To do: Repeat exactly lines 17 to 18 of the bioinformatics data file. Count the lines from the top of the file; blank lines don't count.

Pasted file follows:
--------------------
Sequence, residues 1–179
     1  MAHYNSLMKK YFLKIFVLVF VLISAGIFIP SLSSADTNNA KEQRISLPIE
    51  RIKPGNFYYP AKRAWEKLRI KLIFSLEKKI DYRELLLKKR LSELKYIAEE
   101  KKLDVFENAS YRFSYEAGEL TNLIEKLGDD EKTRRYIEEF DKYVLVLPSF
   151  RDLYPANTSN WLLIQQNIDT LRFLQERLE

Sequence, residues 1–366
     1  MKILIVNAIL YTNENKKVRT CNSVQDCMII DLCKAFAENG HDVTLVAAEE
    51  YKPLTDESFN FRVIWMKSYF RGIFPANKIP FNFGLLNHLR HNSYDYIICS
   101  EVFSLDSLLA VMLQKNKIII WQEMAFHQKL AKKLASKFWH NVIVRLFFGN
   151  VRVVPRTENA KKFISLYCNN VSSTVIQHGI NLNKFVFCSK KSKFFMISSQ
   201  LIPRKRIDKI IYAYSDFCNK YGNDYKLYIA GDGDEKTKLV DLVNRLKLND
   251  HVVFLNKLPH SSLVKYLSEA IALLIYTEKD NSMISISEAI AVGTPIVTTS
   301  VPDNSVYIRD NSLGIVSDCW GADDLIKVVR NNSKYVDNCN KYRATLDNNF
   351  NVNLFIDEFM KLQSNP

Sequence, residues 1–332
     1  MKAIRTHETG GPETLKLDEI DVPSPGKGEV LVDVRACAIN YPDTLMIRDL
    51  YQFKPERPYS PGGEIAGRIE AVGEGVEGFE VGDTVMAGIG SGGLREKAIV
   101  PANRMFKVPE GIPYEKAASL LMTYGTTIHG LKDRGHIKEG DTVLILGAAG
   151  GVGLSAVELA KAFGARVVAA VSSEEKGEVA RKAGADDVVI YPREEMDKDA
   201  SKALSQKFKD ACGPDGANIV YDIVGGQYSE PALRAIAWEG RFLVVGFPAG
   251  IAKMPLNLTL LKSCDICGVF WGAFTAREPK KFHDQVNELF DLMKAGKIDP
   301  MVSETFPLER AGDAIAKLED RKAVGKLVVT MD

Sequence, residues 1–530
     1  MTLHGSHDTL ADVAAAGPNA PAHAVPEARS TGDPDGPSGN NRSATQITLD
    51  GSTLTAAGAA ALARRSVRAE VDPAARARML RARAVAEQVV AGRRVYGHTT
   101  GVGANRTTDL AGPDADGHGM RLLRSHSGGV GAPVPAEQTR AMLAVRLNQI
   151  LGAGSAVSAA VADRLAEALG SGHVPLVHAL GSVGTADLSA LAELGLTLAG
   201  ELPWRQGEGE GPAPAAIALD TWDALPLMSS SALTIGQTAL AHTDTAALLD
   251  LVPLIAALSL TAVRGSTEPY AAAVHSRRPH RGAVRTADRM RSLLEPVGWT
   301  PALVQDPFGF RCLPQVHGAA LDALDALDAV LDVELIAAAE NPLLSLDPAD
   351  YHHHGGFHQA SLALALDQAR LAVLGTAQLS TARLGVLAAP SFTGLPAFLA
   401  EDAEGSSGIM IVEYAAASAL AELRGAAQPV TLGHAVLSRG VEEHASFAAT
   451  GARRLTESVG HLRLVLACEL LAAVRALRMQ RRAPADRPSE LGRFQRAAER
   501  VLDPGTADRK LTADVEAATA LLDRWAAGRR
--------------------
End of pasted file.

    51  YQFKPERPYS PGGEIAGRIE AVGEGVEGFE VGDTVMAGIG SGGLREKAIV
   101  PANRMFKVPE GIPYEKAASL LMTYGTTIHG LKDRGHIKEG DTVLILGAAG